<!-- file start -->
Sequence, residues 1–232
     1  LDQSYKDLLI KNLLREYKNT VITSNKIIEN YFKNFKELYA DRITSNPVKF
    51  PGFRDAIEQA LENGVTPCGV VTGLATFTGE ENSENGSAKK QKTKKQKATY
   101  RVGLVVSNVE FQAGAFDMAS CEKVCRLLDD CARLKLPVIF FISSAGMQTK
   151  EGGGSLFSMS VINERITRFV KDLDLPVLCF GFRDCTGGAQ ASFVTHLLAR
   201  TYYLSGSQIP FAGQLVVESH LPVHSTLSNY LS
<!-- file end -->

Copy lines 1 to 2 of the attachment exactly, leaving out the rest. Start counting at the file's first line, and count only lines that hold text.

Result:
Sequence, residues 1–232
     1  LDQSYKDLLI KNLLREYKNT VITSNKIIEN YFKNFKELYA DRITSNPVKF